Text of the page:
Texaco v. Pennzoil case – mock trial by GED2 students

Judges may sit, parties’ lawyers may be prepared to start their argument because today’s contract law class will be dedicated to a mock trial of the famous Texaco v. Pennzoil case that took place in 1987.

Anne-Isabelle playing a witness

Anne-Isabelle playing a witness

A mock trial is an act or imitation trial. It is similar to a moot court, but mock trials simulate lower-court trials, while moot courts simulate appellate court hearings. It is a famous exercise in the Anglo-American law school program and has now no mystery for the GED2 students.

At the beginning of the mock trial, the judges represented here by Marie, Mathieu, Jaze, Ines, Juliette and Melissa entered the courtroom and all the audience, the class, stood up. The trial session could begin.

From left to right, Inès, Marie, Juliette and Mathieu representing the judges in the Texaco v. Pennzoil case

From left to right, Inès, Marie, Juliette and Mathieu representing the judges in the Texaco v. Pennzoil case

The Texaco v. Pennzoil case is a complex business affair between two parties that agreed upon essential terms of a future contract without actually concluding one. The question asked in front of the court was whether or not this was binding. At the heart of the litigation was the perfidious Gordon Getty whose company agreed upon some terms of a future contract with Pennzoil. Texaco arrived and offered a better bid to Gordon Getty who immediately accepted it, forgetting his former agreement. Pennzoil sued Texaco.

GED2 students had two hours to replay the trial and eventually made the course of the trial change favoring their respective party by examining and cross-examining their witnesses. The key witness here was by far Gordon Getty played by Mayeul.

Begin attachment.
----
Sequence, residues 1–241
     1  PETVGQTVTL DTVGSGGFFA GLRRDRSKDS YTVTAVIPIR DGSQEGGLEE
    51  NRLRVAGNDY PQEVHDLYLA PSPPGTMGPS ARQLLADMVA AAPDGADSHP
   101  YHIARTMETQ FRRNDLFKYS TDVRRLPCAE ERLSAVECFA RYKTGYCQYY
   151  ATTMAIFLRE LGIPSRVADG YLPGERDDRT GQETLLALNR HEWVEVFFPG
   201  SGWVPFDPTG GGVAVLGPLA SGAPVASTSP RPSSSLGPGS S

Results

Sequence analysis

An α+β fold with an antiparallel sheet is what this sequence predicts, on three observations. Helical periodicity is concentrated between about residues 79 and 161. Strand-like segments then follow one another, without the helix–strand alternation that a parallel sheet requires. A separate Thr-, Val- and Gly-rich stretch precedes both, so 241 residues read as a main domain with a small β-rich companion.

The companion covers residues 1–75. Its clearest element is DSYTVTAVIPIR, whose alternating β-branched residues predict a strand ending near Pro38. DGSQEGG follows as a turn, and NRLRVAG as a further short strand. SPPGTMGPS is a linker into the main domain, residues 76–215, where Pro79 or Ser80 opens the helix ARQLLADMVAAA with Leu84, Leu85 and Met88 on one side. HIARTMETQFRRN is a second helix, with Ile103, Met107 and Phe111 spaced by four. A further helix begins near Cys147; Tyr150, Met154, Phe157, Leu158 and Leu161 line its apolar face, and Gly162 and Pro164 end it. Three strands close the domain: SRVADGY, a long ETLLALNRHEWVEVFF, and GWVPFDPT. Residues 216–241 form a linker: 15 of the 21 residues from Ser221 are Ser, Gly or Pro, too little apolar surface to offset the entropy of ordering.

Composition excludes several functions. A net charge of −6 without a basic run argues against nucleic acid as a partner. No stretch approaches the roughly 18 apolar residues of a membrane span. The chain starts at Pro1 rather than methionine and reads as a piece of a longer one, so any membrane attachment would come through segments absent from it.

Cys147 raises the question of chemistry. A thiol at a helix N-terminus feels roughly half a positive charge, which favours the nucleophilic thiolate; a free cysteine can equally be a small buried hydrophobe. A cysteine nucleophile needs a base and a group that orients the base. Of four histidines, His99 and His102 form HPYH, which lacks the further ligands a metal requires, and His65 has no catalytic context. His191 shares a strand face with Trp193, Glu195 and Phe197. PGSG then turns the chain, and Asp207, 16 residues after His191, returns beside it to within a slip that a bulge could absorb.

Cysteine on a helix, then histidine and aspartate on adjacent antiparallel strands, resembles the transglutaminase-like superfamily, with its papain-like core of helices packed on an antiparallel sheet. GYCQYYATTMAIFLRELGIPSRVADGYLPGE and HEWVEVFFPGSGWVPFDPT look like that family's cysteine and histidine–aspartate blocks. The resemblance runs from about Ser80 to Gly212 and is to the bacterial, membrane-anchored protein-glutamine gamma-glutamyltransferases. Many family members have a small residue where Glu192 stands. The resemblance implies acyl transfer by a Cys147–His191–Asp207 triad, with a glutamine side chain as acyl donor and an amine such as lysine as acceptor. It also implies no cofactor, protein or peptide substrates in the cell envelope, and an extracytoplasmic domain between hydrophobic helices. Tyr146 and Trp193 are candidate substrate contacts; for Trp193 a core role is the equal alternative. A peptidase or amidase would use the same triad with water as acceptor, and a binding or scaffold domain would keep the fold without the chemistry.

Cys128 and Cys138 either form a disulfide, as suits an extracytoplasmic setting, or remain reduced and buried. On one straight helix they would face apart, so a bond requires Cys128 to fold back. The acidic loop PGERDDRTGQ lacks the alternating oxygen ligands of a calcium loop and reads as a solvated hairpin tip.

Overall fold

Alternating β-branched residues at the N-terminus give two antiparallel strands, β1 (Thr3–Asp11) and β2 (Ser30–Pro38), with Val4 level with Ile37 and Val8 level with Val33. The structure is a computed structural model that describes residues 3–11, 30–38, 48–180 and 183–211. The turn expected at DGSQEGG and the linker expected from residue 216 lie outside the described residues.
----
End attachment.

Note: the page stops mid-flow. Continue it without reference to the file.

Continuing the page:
Mayeul playing Gordon Getty testifying

Mayeul playing Gordon Getty testifying

It was really interesting to see how much everybody was involved in the acting as we had to prepare ourselves at home with our team. Each party’s lawyer examined and cross-examined their witness with so much enthusiasm that we could have believed ourselves taking part in a real trial.

– Well, we had a handshake
– Well, who was the handshake with?
– Well, we shook hands with Gordon.
– Right, did you ever shake hands with the museum?
– Well, no, but we waved to them.
– Well, how about the Getty Oil Company? Did anybody ever shake hands with the Getty Oil Company?
– Hey no, we never talked to them. We never talked to the Getty Oil Company.
– Hum…. That will be all….

This exercise was all the more interesting as it allows us to apply practically what we had studied in theory during the American Law class of Mrs Abadie, dedicated to the “Characteristics of the American justice system: adversary system & premised on jury trials”.

One more anecdote that reveals another attractive feature of the Grande Ecole du Droit and its teaching.

We are very thankful to the professor Einbinder that gives the opportunity to GED2 students to play a mock trial every year during his Contract Law class and we hope that next students will appreciate this exercise as much as we did!

Salomé, playing one of Pennzoil’s lawyers, cross-examining Ayoko, a witness

Salomé, playing one of Pennzoil’s lawyers, cross-examining Ayoko, a witness

By Anne-Isabelle Legouy